Register here.

As usual, these will be available free on replay for a week after presentation, and indefinitely thereafter to subscribers.



2019 Genealogy Publications at the Ottawa Public Library

In 2019 (so far) 19 publications this year have been added to the Ottawa Public Library genealogy collection. 12 are currently available, 7 have a waiting list. Here they are in order in which they were acquired.

Genesis
by Cook, Robin
Audiobook CD - 2019
Holds: 16 on 4 copies

Tracing your Irish Family History on the Internet: A Guide for Family Historians
by Paton, Chris
Book - 2019 | Second edition.
Holds: 5 on 4 copies

A Broken Tree: How DNA Exposed A Family's Secrets
by Anderson, Stephen F.
Book - 2019
Holds: 5 on 4 copies

Genealogy Standard
by Board for Certification of Genealogists
Book - 2019 | Second edition.
Available

Downsizing With Family History in Mind
by Lee, Devon Noel
Book - 2019
Available

Posted in the Past: Revealing the True Stories Written on A Postcard
by Baggott, Helen
Book - 2019
Available

Les Filles du Roy: pionnières de la Seigneurie de La Prairie
Book - 2019 | French
Available

Finding your Roots: Season 5
DVD - 2019 | Widescreen version.
Holds: 26 on 3 copies

The Family Tree Guide to DNA Testing and Genetic Genealogy
by Bettinger, Blaine T.
Book - 2019 | Second edition.
Available

Advanced Genetic Genealogy: Techniques and Case Studies
Book - 2019
Available

Inheritance: A Memoir of Genealogy, Paternity, and Love
by Shapiro, Dani
Book - 2019 | First edition.
(copies in various formats (holds), and as Express reads)

Roots Quest: Inside America's Genealogy Boom
by Hogan, Jackie
Book - 2019
Available

Distorted Descent: White Claims to Indigenous Identity
by Leroux, Darryl
Book - 2019
Holds: 22 on 5 copies

Tracing your Irish Ancestors
by Grenham, John
Book - 2019 | Fifth edition.
Available

Tracing your Female Ancestors: A Guide for Family Historians
by Emm, Adèle
Book - 2019
Available

The Family Tree Problem Solver: Tried-and-true Tactics for Tracing Elusive Ancestors
by Rising, Marsha Hoffman
Book - 2019 | 3rd edition, Expanded & updated.
Available

Tracing your Freemason, Friendly Society and Trade Union Ancestors: A Guide for Family Historians
by Weinbren, Daniel
Book - 2019
Available

Tracing your Insolvent Ancestors: A Guide for Family and Local Historians
by Blake, Paul
Book - 2019
Available

Tracing your Ancestors Using DNA: A Guide for Family and Local Historians
by Holton, Graham S. - Editor
Book - 2019
Holds: 0 on 5 copies

Two additional 2019 books are listed as on order.

The Family Tree Scandinavian Genealogy Guide: How to Trace Your Ancestors in Norway, Sweden, and Denmark
by Fryxell, David A.
Holds: 11 on 1 copy

Unofficial Guide to FamilySearch.Org: How to Find Your Family History on the World's Largest Free Genealogy Website
by McCullough, Dana
Holds: 26 on 1 copy

Monday, 16 December 2019

Free MyHeritageDNA upload ends soon

I missed posting when first announced that you can upload your raw DNA data file to receive free access to all MyHeritageDNA features. It usually costs $39 to get full access. The offer ends on 18 December, but the free access will continue.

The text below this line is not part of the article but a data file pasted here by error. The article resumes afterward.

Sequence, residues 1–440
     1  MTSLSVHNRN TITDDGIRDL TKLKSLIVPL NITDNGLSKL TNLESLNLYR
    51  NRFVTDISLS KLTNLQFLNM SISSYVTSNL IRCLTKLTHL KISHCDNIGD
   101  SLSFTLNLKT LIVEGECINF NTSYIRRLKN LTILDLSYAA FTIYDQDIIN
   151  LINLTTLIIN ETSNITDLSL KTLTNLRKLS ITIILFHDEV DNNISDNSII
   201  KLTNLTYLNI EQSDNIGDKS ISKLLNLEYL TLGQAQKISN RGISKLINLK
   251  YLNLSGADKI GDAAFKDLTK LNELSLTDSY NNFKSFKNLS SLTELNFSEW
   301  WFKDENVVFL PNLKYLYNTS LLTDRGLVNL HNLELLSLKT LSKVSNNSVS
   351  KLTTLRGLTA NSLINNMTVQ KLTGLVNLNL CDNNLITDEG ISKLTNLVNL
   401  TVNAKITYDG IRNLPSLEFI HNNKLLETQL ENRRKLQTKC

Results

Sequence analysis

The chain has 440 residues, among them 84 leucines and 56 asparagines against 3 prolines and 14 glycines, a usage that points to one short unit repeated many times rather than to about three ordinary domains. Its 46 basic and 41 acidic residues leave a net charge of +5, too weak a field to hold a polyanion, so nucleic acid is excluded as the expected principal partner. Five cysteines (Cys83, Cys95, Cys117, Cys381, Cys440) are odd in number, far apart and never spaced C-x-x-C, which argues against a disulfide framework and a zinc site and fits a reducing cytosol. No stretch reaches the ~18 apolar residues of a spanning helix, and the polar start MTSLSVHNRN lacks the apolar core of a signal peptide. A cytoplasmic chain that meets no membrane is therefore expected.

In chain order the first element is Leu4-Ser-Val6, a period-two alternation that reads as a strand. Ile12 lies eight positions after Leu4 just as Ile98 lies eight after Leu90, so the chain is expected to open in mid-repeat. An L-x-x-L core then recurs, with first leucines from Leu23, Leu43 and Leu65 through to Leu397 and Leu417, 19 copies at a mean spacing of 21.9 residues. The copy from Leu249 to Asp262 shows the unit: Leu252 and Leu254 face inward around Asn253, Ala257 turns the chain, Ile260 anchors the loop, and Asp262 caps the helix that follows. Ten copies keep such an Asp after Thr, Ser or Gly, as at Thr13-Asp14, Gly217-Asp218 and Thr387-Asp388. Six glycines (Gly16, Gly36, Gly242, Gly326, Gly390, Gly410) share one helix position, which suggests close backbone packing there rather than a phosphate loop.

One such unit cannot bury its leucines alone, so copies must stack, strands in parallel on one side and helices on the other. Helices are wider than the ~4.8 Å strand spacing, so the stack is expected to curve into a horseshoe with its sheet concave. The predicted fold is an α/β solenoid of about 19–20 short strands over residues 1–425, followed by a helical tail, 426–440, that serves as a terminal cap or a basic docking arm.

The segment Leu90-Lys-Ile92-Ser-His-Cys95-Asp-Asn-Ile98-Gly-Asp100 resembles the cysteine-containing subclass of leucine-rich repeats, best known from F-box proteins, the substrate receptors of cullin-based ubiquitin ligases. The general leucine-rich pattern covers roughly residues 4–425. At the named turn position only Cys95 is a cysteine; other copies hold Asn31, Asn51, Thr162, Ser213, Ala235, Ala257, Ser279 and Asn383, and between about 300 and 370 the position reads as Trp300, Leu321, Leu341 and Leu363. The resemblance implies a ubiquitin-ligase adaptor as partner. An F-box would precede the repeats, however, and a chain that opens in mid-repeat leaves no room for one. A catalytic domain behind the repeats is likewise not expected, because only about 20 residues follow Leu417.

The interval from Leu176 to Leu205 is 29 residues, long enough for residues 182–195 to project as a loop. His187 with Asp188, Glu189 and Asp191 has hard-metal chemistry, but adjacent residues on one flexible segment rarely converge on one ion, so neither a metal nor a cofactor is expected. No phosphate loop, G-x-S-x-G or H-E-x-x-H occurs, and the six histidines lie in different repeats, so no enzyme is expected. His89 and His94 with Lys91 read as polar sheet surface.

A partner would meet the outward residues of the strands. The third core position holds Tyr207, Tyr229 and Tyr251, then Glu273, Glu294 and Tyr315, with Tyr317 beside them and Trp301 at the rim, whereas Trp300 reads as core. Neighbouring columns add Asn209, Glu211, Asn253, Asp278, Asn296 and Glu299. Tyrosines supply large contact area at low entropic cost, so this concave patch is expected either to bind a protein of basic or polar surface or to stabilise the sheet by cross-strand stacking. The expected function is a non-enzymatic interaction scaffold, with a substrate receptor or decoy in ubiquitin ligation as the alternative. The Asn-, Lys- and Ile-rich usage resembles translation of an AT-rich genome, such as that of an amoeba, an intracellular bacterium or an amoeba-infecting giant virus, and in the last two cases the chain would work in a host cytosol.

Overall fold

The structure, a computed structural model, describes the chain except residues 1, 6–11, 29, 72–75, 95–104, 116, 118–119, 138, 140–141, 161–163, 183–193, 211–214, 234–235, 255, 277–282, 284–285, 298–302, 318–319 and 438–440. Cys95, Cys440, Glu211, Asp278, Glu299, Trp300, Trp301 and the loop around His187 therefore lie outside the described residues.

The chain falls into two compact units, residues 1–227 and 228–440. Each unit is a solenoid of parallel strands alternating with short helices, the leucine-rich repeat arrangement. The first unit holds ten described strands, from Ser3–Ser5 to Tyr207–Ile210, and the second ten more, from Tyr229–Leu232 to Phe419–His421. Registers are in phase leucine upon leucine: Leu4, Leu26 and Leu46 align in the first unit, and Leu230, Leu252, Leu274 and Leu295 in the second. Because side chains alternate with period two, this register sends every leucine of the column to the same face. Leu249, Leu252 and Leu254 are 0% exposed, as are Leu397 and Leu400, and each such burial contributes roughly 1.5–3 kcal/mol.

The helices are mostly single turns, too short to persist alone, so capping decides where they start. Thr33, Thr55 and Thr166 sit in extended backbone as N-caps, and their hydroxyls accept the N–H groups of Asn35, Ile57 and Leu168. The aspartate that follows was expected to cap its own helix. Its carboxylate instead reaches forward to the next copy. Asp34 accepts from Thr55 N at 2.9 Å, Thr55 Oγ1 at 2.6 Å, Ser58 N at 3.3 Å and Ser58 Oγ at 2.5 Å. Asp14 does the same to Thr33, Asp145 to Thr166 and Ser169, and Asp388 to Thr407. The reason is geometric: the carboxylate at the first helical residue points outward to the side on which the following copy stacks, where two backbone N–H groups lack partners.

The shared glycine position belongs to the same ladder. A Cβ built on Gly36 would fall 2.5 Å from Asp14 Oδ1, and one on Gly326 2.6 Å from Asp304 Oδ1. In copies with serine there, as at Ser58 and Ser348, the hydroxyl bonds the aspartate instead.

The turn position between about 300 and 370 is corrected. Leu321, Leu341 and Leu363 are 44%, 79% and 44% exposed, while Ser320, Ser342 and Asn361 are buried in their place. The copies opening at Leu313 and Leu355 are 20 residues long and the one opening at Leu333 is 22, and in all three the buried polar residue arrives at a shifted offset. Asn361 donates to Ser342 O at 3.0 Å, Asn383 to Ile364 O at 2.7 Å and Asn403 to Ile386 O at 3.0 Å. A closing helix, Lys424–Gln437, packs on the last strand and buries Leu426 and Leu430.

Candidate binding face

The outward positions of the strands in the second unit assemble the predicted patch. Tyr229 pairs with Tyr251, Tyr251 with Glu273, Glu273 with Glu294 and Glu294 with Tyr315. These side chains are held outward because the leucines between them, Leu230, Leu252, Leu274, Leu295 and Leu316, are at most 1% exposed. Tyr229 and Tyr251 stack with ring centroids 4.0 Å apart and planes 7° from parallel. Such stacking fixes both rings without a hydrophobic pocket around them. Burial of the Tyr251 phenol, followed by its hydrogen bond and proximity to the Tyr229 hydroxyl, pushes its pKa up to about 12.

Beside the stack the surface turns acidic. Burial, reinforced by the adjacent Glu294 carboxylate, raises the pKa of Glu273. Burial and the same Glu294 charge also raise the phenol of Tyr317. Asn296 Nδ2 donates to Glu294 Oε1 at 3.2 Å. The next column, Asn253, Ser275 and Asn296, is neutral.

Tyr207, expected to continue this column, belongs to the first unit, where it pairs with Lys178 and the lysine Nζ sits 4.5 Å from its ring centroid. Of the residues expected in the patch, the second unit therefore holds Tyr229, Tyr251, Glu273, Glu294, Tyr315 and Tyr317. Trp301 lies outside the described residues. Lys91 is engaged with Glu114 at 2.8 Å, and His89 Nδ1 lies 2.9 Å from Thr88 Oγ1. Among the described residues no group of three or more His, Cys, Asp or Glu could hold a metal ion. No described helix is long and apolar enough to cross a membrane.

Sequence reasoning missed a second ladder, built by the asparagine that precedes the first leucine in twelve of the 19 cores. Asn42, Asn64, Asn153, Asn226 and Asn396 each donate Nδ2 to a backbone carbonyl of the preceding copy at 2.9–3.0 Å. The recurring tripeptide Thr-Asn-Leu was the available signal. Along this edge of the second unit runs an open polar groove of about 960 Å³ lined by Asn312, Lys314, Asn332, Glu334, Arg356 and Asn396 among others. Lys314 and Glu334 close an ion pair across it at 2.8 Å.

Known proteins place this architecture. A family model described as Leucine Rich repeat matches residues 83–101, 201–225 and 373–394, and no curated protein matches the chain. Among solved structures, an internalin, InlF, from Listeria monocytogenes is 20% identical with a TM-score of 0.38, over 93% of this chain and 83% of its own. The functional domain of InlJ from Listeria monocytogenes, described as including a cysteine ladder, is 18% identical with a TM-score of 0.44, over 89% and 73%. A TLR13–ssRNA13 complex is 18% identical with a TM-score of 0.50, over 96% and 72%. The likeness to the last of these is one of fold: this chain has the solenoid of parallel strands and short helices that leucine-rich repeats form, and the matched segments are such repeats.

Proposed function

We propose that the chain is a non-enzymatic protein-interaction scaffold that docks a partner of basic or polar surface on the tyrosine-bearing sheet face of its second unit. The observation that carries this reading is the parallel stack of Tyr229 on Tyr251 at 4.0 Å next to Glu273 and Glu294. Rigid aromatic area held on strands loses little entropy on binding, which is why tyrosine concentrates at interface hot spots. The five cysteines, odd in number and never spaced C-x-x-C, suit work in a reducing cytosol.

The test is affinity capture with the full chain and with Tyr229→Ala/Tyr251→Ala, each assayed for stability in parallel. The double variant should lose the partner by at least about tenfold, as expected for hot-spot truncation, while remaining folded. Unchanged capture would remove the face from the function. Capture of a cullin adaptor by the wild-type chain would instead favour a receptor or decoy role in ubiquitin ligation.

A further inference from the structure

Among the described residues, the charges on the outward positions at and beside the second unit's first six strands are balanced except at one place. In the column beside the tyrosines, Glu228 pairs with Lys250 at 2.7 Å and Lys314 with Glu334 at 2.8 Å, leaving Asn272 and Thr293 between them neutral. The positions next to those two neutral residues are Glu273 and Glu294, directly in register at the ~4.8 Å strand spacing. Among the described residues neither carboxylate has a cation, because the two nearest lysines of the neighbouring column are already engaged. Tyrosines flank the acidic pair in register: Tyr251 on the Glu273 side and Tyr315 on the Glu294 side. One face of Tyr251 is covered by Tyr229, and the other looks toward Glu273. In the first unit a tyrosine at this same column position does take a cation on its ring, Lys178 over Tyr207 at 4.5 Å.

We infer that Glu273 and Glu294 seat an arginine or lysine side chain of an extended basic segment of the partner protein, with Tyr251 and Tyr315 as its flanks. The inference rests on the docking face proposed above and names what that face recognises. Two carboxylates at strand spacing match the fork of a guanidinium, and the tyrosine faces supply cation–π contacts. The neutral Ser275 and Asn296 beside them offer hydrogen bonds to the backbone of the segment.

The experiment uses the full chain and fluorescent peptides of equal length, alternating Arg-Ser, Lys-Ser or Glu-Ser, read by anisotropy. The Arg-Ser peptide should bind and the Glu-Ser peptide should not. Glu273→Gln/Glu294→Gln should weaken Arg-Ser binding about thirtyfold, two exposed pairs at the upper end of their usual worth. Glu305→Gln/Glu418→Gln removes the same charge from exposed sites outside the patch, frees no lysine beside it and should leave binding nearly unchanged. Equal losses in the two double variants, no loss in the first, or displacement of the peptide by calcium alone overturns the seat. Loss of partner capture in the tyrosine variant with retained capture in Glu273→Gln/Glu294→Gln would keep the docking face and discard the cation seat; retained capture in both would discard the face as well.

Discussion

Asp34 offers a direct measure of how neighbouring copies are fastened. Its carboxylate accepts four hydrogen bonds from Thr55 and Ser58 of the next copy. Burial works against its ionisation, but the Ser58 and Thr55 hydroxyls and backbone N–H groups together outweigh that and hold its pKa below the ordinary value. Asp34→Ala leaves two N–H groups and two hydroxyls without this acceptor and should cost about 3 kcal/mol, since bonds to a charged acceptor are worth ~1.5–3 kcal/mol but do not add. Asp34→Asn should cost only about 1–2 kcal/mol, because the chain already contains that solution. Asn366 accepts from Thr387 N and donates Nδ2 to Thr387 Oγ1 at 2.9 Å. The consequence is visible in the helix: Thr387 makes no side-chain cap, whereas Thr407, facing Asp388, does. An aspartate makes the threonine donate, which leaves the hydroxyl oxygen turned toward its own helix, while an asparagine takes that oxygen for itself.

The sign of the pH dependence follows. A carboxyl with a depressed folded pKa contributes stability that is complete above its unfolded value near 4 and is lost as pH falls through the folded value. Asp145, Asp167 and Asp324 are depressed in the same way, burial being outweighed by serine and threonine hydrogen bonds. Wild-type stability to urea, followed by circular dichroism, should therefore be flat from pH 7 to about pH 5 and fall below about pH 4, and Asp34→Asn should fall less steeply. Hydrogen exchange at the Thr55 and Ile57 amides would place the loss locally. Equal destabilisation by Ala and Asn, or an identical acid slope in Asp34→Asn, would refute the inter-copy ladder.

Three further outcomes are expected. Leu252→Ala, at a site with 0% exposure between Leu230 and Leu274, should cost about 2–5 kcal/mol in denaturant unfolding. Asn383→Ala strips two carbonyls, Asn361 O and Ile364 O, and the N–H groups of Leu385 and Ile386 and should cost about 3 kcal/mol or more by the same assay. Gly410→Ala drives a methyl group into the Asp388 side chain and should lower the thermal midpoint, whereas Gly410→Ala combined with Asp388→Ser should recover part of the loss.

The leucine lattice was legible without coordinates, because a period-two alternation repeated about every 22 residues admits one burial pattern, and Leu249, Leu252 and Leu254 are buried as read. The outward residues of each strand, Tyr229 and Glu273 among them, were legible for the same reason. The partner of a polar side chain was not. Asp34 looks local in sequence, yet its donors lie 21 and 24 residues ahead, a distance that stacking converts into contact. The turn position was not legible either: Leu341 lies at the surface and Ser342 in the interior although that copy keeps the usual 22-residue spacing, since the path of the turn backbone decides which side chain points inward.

I wish I'd remembered this when asked recently about where to upload AncestryDNA results so you can take advantage of a DNA browser that AncestryDNA declines to provide.

Ancestry.ca Draw Winners

The lucky winner of the draw for a one-year Ancestry.ca subscription at Saturday's "Great Moments" BIFHSGO meeting was Ruth Kirk.  Ruth is a long-time society member having served as Director (Communications) in the early 2000s.

In the afternoon, the draw for an AncestryDNA test was at the Ottawa Branch of OGS meeting held at the Ottawa City Archives. The winner, drawn by guest speaker Kyla Ubbink, was the Branch Chair, Doug Gray. Doug has announced he will be stepping down as Chair in June.

Congratulations to the winners, thanks to the folks at BIFHSGO and Ottawa Branch who distributed draw tickets and, of course, thanks to Ancestry.ca for supporting the blog, BIFHSGO and Ottawa Branch of OGS.

Sunday, 15 December 2019

Minister of Canadian Heritage Mandate Letter

While much of the letter sent to Minister Guilbeault is boilerplate — sent to all Ministers, the specifics identified are:

  • Work with all cultural and creative sectors on the successful delivery of initiatives and new funding announced in previous Budgets.
  • Create new regulations for social media platforms, starting with a requirement that all platforms remove illegal content, including hate speech, within 24 hours or face significant penalties. This should include other online harms such as radicalization, incitement to violence, exploitation of children, or creation or distribution of terrorist propaganda.
  • Co-lead work with the Minister of Innovation, Science and Industry to modernize the Broadcasting Act and the Telecommunications Act, examining how best to support Canadian content in English and French and ensure quality affordable internet, mobile and media access. 
  • Work with the Minister of Innovation, Science and Industry to introduce legislation by the end of 2020 that will take appropriate measures to ensure that all content providers, including internet giants, offer meaningful levels of Canadian content in their catalogues, contribute to the creation of Canadian content in both Official Languages, promote this content and make it easily accessible on their platforms. The legislation should also consider additional cultural and linguistic communities.